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The Art of China Watching

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China-Watching

as with most major decisions, it took the Chinese several years of debating the issue to decide whether to abolish the job. Until January, when the post was officially dropped, it was filled on a temporary basis by an 88-year-old party veteran. Without a head of state, the highest ranking government official is the chairman of China's legislature. He, too, is 88.
Since the Communists came to power in 1949, China has been run by essentially the same small group of aging revolutionaries. As a rule, they do not retire. They tend to remain in office until they die or are purged. Thus far, very few have died. Because they are roughly the same age-that is to say, old indeed-there is the danger that they will all die nearly at once, leaving a relatively inexperienced group of younger officials to take over the world's most populous country. Only in the past two years has this old leadership made a concerted effort to bring younger people into the top ranks of the party and government hierarchies. By Chinese standards, "younger" generally means men in their sixties.
Being elevated so recently, these younger officials will probably not have much time to show their administrative and political talents, especially the ability to survive the political maneuvering, backbiting, and rivalries that are likely to emerge when the old leadership finally passes from the scene. Because the leadership has been relatively tardy in beginning to put together a succession arrangement, China watchers have little information to go by in trying to predict the outcome of a possible succession struggle and the directions Chinese policy will take in the coming years. Why the leadership was so slow in recognizing the obvious need to groom younger officials remains a mystery, but no firm steps were taken until the party congress in August, 1973, 24 years after coming to power.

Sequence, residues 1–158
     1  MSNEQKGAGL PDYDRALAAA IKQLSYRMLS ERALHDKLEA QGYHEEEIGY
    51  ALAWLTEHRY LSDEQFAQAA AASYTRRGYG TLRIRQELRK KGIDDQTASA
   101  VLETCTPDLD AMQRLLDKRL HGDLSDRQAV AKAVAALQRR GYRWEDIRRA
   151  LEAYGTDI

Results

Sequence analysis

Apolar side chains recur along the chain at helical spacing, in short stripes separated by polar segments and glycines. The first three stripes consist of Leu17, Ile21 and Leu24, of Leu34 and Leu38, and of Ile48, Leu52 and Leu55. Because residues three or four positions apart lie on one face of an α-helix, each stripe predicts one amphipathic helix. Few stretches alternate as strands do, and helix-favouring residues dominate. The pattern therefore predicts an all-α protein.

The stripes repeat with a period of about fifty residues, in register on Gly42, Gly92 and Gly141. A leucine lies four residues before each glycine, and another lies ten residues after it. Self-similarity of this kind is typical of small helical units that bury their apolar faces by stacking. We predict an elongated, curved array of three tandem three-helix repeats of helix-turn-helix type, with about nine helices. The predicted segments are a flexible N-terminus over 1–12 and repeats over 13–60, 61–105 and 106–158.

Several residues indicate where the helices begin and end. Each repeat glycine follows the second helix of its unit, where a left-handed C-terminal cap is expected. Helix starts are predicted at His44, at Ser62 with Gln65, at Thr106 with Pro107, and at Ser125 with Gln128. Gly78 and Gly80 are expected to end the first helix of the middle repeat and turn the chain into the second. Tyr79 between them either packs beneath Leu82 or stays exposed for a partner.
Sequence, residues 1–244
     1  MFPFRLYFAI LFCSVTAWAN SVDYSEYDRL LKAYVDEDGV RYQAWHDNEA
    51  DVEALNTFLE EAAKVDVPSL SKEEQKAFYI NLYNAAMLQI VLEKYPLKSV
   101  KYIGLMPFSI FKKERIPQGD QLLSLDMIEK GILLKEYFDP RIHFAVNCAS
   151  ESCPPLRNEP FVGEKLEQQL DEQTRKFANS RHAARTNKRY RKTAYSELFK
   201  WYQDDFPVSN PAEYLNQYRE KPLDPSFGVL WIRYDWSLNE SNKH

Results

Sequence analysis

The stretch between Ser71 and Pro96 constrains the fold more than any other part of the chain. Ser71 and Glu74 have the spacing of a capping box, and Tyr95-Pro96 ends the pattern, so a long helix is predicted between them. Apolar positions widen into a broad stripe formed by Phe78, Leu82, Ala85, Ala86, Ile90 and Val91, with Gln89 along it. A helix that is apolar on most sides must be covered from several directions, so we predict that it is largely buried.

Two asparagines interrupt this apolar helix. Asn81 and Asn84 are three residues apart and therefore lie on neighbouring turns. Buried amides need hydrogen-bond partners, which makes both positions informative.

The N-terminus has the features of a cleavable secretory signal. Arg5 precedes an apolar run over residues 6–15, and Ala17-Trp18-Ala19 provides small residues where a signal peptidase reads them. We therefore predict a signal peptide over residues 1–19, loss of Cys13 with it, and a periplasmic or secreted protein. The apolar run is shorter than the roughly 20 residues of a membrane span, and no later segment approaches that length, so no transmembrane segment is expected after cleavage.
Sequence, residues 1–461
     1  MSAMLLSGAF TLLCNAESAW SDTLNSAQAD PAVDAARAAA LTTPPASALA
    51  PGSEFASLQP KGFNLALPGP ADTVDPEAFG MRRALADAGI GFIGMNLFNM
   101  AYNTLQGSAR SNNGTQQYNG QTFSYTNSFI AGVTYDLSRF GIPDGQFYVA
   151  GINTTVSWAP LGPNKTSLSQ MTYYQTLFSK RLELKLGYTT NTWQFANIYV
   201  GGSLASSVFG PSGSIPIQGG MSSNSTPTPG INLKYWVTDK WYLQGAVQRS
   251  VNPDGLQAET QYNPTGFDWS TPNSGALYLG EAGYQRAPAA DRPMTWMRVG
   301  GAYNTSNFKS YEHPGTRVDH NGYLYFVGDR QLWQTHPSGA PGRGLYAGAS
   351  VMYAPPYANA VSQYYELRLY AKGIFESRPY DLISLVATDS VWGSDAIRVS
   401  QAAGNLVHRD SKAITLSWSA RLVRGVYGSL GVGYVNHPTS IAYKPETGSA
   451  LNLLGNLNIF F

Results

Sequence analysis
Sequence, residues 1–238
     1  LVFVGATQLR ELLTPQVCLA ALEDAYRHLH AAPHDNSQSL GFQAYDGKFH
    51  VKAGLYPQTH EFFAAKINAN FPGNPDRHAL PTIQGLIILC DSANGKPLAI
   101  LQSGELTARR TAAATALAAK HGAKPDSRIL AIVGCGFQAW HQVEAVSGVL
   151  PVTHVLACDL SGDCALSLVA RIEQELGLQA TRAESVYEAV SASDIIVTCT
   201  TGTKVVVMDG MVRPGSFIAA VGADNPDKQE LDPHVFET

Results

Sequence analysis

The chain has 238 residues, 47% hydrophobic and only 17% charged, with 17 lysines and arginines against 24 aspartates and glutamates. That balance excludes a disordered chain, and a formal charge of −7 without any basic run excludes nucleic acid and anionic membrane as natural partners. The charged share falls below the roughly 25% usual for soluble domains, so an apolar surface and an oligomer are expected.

Vacancies and Unannounced Appointments
There are, of course, many mysteries on the Chinese political scene. For more than three years there was no officially designated defense minister, although it was fairly obvious who was acting in that capacity. The man was finally given the job publicly in January, but why he wasn't named earlier is yet another unanswered, and perhaps unanswerable, question. The man is 76, which means the Chinese will have to go through this same apparently arduous process of choosing a defense minister again in a few years.
The previous defense minister was Lin Piao, Mao's designated heir who allegedly died in a plane crash fleeing to the Soviet Union after an abortive coup attempt. All the events surrounding Lin's political demise and death will probably never become known, but the incident has had a profound effect on the Chinese leadership. It has fed their fears of possible Soviet meddling in China's domestic affairs and has transformed the once glorified army into an institution now viewed with considerable distrust. In typical Chinese fashion, Lin was privately vilified by name in documents circulated within China, but for the public record he was just an unidentified "political swindler." Everyone in China and outside knew that the "swindler" was Lin, and the Chinese probably were aware that they were fooling no one with their attempts to conceal his identity by not using his name publicly. Nevertheless, it was not until nearly
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Posted: May 08, 2007 08:43 AM
Last Updated: Aug 10, 2011 02:22 PM